Luke worked at a law firm. And then he decided to move into a meth house.

Video via ABC iView

When former lawyer and ABC journalist Luke Williams moved into a drug house, it was for research on a book he was writing about crystal meth.

But within months, he’d fallen deep into an addiction to ice, and a psychosis so deep that it led him to almost murder an innocent woman.

Luke tells his story to Meshel Laurie on this darkly gripping episode of the Nitty Gritty Committee podcast:

Luke says that once an idea is planted in a meth addict’s head, the paranoia spirals and there is nothing that can convince them otherwise. Feeling hurt and betrayed, homicidal feelings burned inside Luke, and he admits: he could have killed a girl who made the mistake of walking into his house. He had convinced himself that the woman was part of a plot to allow a drug-dealer to sleep with his ex-lover.

Watch: The anti-drug campaign Faces of Addiction is aimed at bringing awareness to drug addiction and reducing the stigma attached. Post continues below. 

Video via Rehabs.com
Video via Rehabs.com

Luke’s transformation had everything to do with his rejection of “boring” jobs and the “straight” society that had bullied him as a kid. He became driven by his need to immerse himself in another world. A world he wanted to write about.

This obsession with Gonzo journalism is what led the former drug addict to quit his job in the law and move into a junkie house in the suburbs of Melbourne, obstensibly as research for his book, The Ice Age: a journey into crystal-meth addiction. But in his search to understand the powerful grip of this dangerous illicit drug, Luke was pulled back under its spell.

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Luke says he became lost in a psychotic fantasy, threatening to kill his parents, and experiencing a short period of homelessness. His face was covered in scabs and lumps and his teeth were black. He was the picture of a meth-head.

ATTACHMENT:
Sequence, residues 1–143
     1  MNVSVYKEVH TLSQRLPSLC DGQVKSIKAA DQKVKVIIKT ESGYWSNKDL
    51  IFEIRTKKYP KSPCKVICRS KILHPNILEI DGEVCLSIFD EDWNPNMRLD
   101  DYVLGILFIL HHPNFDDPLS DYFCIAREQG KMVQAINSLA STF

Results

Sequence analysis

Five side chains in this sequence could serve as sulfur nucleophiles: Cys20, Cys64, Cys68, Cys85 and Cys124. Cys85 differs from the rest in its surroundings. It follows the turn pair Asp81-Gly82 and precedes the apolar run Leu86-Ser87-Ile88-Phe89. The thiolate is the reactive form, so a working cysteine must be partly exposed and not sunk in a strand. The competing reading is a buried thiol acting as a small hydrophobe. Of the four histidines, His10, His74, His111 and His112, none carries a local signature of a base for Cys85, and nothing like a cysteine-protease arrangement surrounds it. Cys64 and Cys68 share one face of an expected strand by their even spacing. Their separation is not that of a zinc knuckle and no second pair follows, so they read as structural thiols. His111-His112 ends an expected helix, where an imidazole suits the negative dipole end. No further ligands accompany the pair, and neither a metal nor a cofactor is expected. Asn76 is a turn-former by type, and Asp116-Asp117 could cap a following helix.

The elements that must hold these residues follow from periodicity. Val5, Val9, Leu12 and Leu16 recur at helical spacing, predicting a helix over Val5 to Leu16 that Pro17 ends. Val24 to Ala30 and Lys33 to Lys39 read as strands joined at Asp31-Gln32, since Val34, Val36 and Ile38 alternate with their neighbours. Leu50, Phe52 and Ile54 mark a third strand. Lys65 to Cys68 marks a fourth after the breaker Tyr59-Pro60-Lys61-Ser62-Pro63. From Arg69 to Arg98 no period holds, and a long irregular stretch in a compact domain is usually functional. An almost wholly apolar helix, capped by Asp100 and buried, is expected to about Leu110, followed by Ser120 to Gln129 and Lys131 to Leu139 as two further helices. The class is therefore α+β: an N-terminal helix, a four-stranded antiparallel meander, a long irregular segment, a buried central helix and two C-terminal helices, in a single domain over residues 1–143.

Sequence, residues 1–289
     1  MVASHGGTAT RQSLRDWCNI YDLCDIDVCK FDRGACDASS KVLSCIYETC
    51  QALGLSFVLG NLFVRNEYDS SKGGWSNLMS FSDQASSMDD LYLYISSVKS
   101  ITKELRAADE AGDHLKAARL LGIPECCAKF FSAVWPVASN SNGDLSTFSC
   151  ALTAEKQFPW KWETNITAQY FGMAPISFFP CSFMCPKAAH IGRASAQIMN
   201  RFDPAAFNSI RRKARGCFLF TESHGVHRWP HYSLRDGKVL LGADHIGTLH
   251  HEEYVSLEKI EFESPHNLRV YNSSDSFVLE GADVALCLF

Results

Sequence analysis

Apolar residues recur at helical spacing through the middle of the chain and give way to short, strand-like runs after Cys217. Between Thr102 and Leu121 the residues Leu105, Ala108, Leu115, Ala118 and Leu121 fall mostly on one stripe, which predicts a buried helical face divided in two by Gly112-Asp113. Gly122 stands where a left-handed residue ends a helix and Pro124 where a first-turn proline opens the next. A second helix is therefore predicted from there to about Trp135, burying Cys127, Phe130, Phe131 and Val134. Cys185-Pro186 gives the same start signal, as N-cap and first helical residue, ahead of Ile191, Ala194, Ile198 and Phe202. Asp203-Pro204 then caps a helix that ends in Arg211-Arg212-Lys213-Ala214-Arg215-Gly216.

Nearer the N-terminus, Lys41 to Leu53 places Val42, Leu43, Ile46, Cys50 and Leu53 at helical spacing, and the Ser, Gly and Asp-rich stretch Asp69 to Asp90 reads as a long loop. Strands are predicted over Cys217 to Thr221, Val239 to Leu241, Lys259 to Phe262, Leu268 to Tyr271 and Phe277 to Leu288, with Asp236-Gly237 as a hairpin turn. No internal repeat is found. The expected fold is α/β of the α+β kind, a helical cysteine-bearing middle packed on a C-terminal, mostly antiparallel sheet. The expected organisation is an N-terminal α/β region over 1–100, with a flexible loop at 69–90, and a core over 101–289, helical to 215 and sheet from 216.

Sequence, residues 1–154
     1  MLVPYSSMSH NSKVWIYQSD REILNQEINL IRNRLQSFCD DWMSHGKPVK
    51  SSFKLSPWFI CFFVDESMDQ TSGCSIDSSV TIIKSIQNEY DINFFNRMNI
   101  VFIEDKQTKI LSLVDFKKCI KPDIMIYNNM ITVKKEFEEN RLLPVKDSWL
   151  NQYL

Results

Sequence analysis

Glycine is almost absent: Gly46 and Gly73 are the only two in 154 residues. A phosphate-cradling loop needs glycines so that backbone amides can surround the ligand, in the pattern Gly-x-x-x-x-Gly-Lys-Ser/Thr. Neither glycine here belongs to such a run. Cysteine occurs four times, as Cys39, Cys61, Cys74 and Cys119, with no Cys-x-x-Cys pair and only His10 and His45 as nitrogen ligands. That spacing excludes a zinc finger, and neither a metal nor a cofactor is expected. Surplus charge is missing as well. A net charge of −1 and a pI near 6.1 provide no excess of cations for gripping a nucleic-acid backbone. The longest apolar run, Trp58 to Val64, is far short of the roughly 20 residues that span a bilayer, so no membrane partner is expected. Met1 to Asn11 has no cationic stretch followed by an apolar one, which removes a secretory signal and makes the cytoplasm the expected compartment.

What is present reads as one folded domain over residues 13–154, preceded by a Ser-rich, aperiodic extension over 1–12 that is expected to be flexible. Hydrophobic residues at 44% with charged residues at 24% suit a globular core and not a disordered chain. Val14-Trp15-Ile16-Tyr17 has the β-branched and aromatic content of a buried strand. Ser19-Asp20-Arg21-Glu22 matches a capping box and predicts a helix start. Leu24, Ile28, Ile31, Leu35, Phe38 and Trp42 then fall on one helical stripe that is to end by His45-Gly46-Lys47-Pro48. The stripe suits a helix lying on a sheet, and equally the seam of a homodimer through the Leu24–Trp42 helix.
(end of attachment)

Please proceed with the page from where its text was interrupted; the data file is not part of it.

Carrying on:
He tells Meshel about his descent into addiction and how he returned. Despite his experience with psychosis and hallucination, he says for him, life inside a crystal meth den isn’t anywhere near as scary as attending the Walkley journalism awards.

In case you needed any more reasons to say no to drugs, check out these before and after mugshots showing the effects of meth. Post continues below.

Luke’s story resonated because drug use in the Australian suburbs is not a storyline on a TV show, but something that’s beginning to touch more and more of us.

Meth or ‘ice’ use in Australia has tripled in the past five years, with an estimated 268,000 regular and dependent methamphetamine users in Australia. The Australian Crime Commission has warned that we are in danger of an ice ‘pandemic’ that is costing Australia over $1 billion every year. Ice use increases the risk of violence and psychosis, and it’s dangerously easy to get addicted. It tears families apart and all too often leads to homelessness, and tragically, death.

If you or someone you know is struggling with drug addiction, you can call Lifeline on 13 11 14 or Druginfo on 1300 85 85 84 if you need to talk to someone about drugs abuse, addiction and rehabilitation.

You can listen to Meshel’s interview with Luke Williams for the Nitty Gritty Committee podcast here:

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